Since the fall of the Berlin Wall, and especially since the major agreements on the liberalization of world trade in the early 1990s, the Gulf has experienced three decades of extraordinary economic growth and continuous expansion of its geopolitical role.
A quick glance at the map is enough to understand how the Arabian Peninsula is now the natural platform interconnecting the routes from the new Asian giants to the European market and across the Horn of Africa. One can easily see the strategic nature of the control and position of each of the countries bordering the two shipping routes there, the Straits of Hormuz and the Bab el-Mandeb.
The Gulf exports energy and organizes the logistics of Asian goods in transit to Europe through free-trade zones with major tax incentives. It has attracted investments, developed sophisticated financial services and exerts a growing fascination as a tourist destination with its iconic architecture and a dense calendar of sporting, musical and cultural events. The Dubai Expo in 2020 and the World Cup in Qatar in 2022 serve as proof of a long-desired centrality.
The three eras in the Gulf
The transformation of the region has been impressive. All the natural history museums in the Gulf States are now celebrating this transformation based on the long-term vision of their ruling families: from old black-and-white photos of traditional pearl fishers’ boats to the current oil wealth, in anticipation of the post-oil future of economic diversification, widespread technology, smart cities and smart education, all already under construction.
The Gulf in “pre-oil” times was a region of British protectorates, a low-cost investment in the most powerful families to maintain order and protect the trading foundations of the British Empire. Since World War II, after the historic meeting of Franklin Roosevelt and Abdulaziz Ibn Saud, the Gulf had chosen an American “oil for protection” arrangement, but the last twenty years have been marked by the entry into the region of new stakeholders who had previously been excluded.
Beijing, a long-term cooperative partner
The first silent protagonist is China, and a true protagonist it is. Beijing leads energy imports from and goods exports to the region. In 2016, China was also the leading investor with a volume of resources exceeding the joint volume of U.S. and European investments. President Xi Jinping received King Salman in Beijing in 2017 and signed agreements worth USD 65 billion and visited the United Arab Emirates the following year. The Chinese call our Middle East “Western Asia,” and consider the Gulf as the penultimate stage of the Belt and Road Initiative. 90 percent of Chinese goods are shipped by sea, making the Gulf Straits an essential hub. This economic strategy is underpinned by political doctrine and recently also by a discreet military presence. In 2016, China adopted a new “Arab Policy Paper,” and the next year its first military base in the region was established in Djibouti. In the Gulf, Beijing offers itself as a long-term cooperative partner without ideological constraints, as a loyal friend, impervious to change, as patient, with no intention of disturbing the 40,000 U.S. troops still positioned in land bases and on the two aircraft carriers stationed in the region.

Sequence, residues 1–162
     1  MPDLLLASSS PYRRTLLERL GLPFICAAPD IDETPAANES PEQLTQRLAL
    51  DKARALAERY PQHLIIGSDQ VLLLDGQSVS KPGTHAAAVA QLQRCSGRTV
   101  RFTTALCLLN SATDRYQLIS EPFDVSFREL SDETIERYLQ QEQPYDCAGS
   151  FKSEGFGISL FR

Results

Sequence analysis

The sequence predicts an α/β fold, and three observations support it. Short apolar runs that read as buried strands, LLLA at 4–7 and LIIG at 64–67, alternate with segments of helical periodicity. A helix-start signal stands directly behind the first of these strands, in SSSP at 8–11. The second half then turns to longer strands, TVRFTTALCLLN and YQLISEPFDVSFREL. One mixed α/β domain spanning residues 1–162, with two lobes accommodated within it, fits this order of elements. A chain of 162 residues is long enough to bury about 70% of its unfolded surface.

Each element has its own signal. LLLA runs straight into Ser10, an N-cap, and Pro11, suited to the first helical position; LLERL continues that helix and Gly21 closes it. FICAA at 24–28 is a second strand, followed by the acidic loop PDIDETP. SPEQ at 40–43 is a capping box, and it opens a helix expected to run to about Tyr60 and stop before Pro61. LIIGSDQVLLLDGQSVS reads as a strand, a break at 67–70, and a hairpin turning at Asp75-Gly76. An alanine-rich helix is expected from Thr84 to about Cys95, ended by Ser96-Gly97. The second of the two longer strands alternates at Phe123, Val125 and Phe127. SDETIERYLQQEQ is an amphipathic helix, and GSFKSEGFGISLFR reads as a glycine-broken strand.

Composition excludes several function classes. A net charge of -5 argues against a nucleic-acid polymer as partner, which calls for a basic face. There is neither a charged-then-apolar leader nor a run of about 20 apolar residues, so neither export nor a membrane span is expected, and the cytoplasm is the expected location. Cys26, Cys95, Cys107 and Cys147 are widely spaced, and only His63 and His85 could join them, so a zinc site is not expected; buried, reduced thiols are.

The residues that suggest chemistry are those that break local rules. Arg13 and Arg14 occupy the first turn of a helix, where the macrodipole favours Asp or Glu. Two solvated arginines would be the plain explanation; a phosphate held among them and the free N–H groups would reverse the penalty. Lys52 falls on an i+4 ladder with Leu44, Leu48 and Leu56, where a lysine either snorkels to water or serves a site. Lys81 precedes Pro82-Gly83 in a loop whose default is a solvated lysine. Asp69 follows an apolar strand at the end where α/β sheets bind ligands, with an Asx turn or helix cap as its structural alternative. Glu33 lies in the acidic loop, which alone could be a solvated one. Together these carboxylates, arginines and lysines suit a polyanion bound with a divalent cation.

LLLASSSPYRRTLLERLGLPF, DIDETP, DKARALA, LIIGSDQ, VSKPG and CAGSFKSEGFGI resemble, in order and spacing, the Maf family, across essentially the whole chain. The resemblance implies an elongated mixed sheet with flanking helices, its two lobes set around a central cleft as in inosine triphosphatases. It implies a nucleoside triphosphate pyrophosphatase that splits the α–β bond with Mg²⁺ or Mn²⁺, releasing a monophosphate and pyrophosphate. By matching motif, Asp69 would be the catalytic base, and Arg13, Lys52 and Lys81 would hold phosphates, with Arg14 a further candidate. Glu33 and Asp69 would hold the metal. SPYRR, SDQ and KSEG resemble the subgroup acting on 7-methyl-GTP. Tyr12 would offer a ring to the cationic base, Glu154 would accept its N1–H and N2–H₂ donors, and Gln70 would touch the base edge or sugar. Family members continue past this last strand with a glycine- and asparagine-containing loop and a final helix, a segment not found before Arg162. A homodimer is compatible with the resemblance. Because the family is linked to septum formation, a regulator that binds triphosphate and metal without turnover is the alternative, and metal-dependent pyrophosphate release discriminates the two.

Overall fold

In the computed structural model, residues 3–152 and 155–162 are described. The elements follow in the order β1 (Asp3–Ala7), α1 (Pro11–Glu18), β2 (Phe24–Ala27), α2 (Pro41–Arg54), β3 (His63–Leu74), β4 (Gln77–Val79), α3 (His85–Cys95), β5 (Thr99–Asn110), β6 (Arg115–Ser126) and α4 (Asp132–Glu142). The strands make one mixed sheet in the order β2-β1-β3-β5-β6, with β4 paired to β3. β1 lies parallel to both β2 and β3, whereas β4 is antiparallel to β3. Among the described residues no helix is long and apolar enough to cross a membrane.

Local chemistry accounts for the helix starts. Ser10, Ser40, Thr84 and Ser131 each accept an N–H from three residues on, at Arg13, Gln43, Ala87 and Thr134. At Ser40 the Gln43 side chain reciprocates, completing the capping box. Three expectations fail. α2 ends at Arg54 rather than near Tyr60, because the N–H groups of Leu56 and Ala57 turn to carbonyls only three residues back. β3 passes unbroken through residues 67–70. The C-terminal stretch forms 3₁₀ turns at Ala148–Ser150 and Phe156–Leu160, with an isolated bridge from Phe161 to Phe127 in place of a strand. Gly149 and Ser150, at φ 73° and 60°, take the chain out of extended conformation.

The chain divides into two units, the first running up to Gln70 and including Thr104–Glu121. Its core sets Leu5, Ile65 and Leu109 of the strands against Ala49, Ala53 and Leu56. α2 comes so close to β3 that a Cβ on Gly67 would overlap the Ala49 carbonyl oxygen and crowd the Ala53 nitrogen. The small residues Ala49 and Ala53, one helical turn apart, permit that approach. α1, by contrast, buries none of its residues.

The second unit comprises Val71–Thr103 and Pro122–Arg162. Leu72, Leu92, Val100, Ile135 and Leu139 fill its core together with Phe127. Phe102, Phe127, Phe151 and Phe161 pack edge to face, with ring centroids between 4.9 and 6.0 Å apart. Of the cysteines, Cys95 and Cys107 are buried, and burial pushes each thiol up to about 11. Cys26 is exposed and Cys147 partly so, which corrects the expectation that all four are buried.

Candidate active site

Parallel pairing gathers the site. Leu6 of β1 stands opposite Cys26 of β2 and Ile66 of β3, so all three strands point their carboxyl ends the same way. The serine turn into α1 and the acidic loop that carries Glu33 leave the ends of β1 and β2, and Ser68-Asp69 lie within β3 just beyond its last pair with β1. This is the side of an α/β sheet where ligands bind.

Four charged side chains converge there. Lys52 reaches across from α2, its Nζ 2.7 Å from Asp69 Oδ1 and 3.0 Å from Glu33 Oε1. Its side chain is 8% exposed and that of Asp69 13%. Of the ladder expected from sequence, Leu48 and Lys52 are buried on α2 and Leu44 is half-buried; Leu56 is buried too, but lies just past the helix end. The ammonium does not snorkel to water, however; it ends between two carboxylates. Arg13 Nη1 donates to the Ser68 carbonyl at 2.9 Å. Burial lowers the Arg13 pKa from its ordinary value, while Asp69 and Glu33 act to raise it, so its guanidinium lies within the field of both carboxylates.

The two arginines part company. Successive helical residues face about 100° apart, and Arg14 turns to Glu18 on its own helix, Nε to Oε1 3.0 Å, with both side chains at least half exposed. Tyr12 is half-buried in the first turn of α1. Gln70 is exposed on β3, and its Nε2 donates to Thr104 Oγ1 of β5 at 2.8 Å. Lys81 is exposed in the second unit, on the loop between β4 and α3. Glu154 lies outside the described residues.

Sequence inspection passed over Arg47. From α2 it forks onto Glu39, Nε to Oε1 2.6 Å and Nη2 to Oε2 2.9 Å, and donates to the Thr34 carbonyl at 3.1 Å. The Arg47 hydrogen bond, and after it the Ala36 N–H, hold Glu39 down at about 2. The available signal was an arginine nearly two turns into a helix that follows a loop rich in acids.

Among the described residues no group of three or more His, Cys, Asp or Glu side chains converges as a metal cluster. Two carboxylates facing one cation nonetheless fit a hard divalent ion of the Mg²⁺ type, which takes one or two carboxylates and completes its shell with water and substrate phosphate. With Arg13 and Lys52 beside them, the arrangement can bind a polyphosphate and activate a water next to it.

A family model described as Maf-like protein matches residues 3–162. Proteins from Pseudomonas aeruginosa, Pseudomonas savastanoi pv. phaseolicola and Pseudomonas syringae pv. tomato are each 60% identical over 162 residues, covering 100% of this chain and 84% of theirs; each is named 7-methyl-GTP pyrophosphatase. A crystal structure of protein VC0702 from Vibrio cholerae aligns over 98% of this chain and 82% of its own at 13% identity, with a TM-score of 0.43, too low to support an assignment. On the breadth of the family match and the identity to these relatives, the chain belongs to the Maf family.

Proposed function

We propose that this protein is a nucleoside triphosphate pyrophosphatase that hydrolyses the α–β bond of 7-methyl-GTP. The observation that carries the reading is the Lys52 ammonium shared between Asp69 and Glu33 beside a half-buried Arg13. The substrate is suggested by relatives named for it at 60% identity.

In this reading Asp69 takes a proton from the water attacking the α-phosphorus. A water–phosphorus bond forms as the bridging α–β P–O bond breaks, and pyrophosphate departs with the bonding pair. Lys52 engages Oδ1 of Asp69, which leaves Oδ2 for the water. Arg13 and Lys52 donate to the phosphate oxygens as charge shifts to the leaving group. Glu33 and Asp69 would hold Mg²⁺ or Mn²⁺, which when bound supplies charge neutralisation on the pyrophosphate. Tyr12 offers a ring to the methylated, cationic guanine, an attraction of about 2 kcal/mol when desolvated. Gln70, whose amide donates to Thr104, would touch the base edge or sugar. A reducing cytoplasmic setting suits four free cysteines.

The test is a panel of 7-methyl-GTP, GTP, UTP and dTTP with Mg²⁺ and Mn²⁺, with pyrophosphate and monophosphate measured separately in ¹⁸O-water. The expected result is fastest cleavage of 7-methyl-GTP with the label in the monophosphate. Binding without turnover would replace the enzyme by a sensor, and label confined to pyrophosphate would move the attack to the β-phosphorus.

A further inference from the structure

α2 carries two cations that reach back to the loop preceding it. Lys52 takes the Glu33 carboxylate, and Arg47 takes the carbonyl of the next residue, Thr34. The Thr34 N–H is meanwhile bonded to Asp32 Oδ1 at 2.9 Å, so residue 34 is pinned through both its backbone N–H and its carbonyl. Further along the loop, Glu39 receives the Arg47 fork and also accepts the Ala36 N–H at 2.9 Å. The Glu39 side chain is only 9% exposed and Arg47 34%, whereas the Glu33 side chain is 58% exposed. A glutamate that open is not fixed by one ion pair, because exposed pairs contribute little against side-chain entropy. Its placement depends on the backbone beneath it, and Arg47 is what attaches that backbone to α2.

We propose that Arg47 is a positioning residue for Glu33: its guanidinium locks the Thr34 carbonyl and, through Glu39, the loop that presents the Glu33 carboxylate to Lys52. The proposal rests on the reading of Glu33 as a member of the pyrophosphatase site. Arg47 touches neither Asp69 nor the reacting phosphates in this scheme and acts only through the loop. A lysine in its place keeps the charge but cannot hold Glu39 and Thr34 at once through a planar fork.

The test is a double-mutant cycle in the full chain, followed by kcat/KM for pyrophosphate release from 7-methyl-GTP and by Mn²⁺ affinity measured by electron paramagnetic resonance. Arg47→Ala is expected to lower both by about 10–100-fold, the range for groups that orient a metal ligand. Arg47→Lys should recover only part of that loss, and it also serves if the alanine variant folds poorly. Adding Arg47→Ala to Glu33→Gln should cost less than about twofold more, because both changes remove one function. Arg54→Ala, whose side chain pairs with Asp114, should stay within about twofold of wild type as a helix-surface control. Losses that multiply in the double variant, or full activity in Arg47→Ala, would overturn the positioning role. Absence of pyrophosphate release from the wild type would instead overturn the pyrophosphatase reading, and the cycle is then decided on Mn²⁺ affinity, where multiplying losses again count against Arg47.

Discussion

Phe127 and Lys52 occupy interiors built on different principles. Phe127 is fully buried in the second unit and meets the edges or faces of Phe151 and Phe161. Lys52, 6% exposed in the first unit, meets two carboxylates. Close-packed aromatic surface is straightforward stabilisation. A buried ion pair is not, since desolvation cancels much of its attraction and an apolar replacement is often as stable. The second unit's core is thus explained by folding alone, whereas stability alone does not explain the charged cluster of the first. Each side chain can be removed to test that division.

Delhi’s Growth Corridor
With less strength and strategic continuity, India has recently become a stakeholder in the region. Delhi is attempting to counterbalance the spider’s web of the Chinese Belt and Road Initiative with their “Asia-Africa Growth Corridor,” in partnership with Japan. This Indian initiative identifies the Omani ports as the gateway to the region and the energy corridor between Duqm and the Iranian port of Chabahar as an alternative route to the two narrow overcrowded Straits.
The loyal collaboration of Moscow
Russia - with its huge tactical and strategic capacity and low profile in navigation - has finally thrown its hat into the region. Moscow does not have the same degree of financial resources as China and knows that its military presence would be well beyond Washington’s redlines. At the same time, the slow strategic U.S. withdrawal after so many costly interventions, and above all the loyal collaboration Moscow has recently offered OPEC to counter the U.S. “tight oil” challenge and to stabilize oil prices via agreed cuts in production, have given Russia the opportunity to overcome the invisible historico-political “border” at Damascus. This line has been crossed in the opposite direction by many of the Emirs when visiting President Putin for the first time.
This must be the place
The Gulf is thus the new “must-be place” of the globalized world. While Kingdoms, Sultanates and Emirates cooperate and compete among themselves in the new geopolitical infrastructure and ports, in cultural diplomacy, in the search for new technologies, in the religious soft power of their own Koranic schools and in the media of its satellite broadcasters, the new global players are seeking a prominent position there by investing economic and political resources. With oil coming to an end, preparations for the future are already being made at these latitudes.
He has been Eni’s Executive Vice President of International Affairs since April 14th, 2017. Between 1996 and 2015, he was a member of the Italian and European Parliaments. In Brussels, he dealt with Economic and Monetary Affairs and Foreign Affairs. He was also Deputy Minister for Foreign Affairs and International Cooperation. He has taught at the University of Florence, the Overseas Studies Program at Stanford University and other foreign universities.